The Lie derivative of a vector field

Without some kind of additional structure, there is no way to “transport” vectors, or compare them at different points on a manifold, and therefore no way to construct a vector derivative. The simplest way to introduce this structure is via another vector field, which leads us to the Lie derivative \({L_{v}w\equiv\left[v,w\right]}\); as noted above, \({L_{v}}\) is a derivation on \({\mathrm{vect}(M)}\) due to the Jacobi identity. In this section we define the Lie derivative in terms of infinitesimal vector transport, and explore its geometrical meaning.

Given any vector field \({v}\) on \({M^{n}}\), it can be shown ([18] p. 37) that there exists a locally unique parameterized curve \({v_{p}(t)}\) at every point \({p\in M}\) such that \({v_{p}(0)=p}\) and \({\dot{v}_{p}(t)}\) is the value of the vector field \({v}\) at the point \({v_{p}(t)}\) (the dot indicates the derivative with respect to \({t}\), which as usual is calculated on the curve mapped to \({\mathbb{R}^{n}}\) by the coordinate chart). Each curve in this family is in general only well-defined locally, i.e. for \({-\varepsilon<t<\varepsilon}\), and is thus called the local flow of \({v}\).


For a fixed value of \({t}\), there is some region \({U\subset M}\) where the map \({\Phi_{t}\colon U\to U}\) defined by \({p\mapsto v_{p}\left(t\right)}\) on all of \({M}\) is a diffeomorphism, and within the valid domain of \({t}\) the maps \({\Phi_{t}}\) satisfy the abelian group law \({\Phi_{t}\circ\Phi_{s}=\Phi_{t+s}}\); thus the \({\Phi_{t}}\) are called a local one-parameter group of diffeomorphisms. This name is somewhat misleading, since due to the limited valid domain of \({t}\) the maps \({\Phi_{t}}\) do not actually form a group; the “local” reflects the fact that the diffeomorphisms are not on all of \({M}\). In the case that these maps are in fact valid for all of \({t}\) and \({M}\), \({v}\) is called a complete vector field, and the \({\Phi_{t}}\) are called a one-parameter group of diffeomorphisms. If \({M}\) is compact, then every vector field is complete; if not, then a vector field is complete if it has compact support (is zero except on a compact subset of \({M}\)).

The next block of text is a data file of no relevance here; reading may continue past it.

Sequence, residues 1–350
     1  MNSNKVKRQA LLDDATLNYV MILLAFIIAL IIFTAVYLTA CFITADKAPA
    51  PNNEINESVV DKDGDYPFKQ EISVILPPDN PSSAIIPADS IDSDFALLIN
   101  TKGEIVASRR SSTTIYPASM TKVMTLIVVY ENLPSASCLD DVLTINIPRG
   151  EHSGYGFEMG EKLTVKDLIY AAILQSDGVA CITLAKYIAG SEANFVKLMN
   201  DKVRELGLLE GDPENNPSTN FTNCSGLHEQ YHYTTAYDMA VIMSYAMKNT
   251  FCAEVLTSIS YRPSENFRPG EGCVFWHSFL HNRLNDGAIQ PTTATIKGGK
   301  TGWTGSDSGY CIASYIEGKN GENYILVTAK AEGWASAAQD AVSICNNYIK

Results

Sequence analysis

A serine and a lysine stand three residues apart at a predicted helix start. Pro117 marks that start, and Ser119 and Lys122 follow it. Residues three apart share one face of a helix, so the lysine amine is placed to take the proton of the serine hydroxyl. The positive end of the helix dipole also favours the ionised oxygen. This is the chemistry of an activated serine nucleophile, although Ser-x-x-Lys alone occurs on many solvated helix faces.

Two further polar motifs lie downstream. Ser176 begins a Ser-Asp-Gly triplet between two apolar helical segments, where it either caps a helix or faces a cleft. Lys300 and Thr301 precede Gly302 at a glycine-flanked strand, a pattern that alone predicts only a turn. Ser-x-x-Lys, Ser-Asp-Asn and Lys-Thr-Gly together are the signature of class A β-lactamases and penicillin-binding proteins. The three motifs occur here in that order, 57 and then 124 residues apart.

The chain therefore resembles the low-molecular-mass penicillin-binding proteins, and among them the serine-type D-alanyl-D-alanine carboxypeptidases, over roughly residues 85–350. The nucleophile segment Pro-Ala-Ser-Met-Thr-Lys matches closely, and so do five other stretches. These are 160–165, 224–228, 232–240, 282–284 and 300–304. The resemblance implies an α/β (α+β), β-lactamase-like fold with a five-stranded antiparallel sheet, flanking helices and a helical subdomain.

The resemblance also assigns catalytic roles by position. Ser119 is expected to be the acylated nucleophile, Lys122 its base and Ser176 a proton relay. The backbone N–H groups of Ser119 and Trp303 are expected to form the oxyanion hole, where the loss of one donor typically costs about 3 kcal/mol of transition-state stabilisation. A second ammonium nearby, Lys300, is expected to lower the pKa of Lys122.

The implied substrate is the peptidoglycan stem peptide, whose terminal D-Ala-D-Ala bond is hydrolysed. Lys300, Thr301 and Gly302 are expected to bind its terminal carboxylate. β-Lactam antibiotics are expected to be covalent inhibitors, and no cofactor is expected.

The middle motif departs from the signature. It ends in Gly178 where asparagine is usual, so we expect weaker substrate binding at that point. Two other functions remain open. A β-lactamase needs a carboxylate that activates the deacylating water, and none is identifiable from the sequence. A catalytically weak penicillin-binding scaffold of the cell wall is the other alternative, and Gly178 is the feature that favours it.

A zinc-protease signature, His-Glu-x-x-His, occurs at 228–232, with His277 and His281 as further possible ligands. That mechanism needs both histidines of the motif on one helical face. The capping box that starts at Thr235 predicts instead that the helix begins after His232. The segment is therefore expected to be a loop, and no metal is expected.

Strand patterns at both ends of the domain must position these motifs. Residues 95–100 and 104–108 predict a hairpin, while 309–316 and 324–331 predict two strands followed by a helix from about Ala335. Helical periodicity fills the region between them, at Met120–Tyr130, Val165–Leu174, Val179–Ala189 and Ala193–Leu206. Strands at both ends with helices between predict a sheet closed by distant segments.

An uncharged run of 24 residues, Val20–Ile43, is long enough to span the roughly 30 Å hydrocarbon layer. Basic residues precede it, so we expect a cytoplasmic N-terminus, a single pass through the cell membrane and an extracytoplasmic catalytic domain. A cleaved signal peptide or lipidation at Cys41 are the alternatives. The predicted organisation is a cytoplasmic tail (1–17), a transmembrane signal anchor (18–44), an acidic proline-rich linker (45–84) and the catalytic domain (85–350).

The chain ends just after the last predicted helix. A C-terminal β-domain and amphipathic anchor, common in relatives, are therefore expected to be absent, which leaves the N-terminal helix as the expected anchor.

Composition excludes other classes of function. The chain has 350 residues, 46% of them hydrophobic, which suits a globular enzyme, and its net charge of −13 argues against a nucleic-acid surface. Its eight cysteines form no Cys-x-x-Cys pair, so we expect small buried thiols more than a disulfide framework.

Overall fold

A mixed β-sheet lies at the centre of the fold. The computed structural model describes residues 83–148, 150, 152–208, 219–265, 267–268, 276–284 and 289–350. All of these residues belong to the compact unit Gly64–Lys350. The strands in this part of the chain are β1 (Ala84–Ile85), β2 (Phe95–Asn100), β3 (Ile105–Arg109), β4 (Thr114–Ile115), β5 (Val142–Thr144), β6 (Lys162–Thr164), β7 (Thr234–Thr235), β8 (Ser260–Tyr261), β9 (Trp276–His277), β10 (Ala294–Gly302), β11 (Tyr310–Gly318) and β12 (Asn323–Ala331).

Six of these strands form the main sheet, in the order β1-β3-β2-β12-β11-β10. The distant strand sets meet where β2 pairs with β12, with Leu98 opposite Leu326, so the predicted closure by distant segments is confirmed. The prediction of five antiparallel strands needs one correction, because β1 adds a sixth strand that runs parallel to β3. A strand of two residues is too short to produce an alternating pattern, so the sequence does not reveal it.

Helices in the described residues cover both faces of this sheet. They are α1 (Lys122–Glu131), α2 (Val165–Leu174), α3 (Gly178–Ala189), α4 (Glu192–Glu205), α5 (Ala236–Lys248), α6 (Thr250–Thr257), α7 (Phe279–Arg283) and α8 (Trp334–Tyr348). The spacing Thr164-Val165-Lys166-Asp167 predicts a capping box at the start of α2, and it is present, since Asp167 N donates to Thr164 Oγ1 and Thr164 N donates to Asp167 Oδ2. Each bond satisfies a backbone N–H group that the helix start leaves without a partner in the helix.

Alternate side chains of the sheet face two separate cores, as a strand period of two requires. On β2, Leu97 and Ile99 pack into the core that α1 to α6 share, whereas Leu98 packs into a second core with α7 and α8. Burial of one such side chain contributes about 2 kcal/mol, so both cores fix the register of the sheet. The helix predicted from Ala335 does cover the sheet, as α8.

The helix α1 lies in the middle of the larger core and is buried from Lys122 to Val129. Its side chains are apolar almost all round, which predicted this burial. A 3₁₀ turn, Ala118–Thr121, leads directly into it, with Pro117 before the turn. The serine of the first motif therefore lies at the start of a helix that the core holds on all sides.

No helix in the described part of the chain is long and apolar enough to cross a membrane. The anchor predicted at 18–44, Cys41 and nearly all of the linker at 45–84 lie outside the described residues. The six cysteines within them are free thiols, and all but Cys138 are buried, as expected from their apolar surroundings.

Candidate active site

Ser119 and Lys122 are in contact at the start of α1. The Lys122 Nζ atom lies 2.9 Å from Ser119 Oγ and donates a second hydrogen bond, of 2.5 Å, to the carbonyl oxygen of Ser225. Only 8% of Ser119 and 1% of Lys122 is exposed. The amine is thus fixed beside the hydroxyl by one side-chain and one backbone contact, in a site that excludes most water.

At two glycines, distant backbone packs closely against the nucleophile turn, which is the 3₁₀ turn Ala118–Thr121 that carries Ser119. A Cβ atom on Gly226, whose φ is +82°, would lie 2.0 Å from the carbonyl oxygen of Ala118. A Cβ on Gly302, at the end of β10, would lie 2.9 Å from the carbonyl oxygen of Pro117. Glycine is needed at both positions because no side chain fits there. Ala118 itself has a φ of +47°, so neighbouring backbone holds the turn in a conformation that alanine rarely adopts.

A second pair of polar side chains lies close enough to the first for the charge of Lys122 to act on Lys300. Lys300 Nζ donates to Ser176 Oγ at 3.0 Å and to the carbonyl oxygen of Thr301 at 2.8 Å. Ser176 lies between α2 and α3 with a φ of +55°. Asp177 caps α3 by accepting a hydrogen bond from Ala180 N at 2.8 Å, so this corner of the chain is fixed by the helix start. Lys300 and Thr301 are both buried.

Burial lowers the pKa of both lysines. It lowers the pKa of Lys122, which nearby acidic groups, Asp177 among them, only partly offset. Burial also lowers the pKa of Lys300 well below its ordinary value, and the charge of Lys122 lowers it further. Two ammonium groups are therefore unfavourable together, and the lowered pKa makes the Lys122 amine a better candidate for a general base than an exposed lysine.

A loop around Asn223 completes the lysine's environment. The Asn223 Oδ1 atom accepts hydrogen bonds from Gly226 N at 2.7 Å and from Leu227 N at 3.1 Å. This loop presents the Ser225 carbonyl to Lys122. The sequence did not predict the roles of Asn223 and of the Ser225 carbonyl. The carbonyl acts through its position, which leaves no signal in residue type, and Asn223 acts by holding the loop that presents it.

The tangent map \({\mathrm{d}\Phi}\) defined by the vector field \({v}\) is then the extra structure we need to “transport” vectors. \({\mathrm{d}\Phi}\) maps a vector tangent to the curve \({C}\) to a vector tangent to the curve \({\Phi\left(C\right)}\); it “pushes vectors along the flow of \({v}\).” We can now define the Lie derivative as a limit



The Lie derivative \({L_{v}w}\) is “the difference between \({w}\) and its transport by the local flow of \({v}\).”

In this and future depictions of vector derivatives, the situation is simplified by focusing on the change in the vector field \({w}\) while showing the “transport” of \({w}\) as a parallel displacement. This has the advantage of highlighting the equivalency of defining the derivative at either 0 or \({\varepsilon}\) in the limit \({\varepsilon\rightarrow0}\). Depicting \({L_{v}w}\) as a non-parallel vector at \({v_{p}\left(t\right)}\) would be more accurate, but would obscure this fact. We also will follow the picture here in using words to characterize derivatives: namely, “the difference” is short for “the difference per unit \({\varepsilon}\) to order \({\varepsilon}\) in the limit \({\varepsilon\rightarrow0}\).”

This definition can be shown to be equivalent to \({L_{v}w\equiv\left[v,w\right]}\). Another way of depicting the Lie derivative that highlights the anti-commutativity of the Lie bracket is to consider \({L_{v}w}\) in terms of a loop defined by the flows of \({v}\) and \({w}\), noting that \({v_{p}(\varepsilon)=p+\varepsilon v}\).


The above depicts the Lie derivative \({L_{v}w}\) as the vector field whose local flow is the “commutator of the flows of \({v}\) and \({w}\),” i.e. it is the difference between the local flow of \({v}\) followed by \({w}\) and that of \({w}\) followed by \({v}\). Thus \({L_{v}w}\) “completes the parallelogram” formed by the flow lines.

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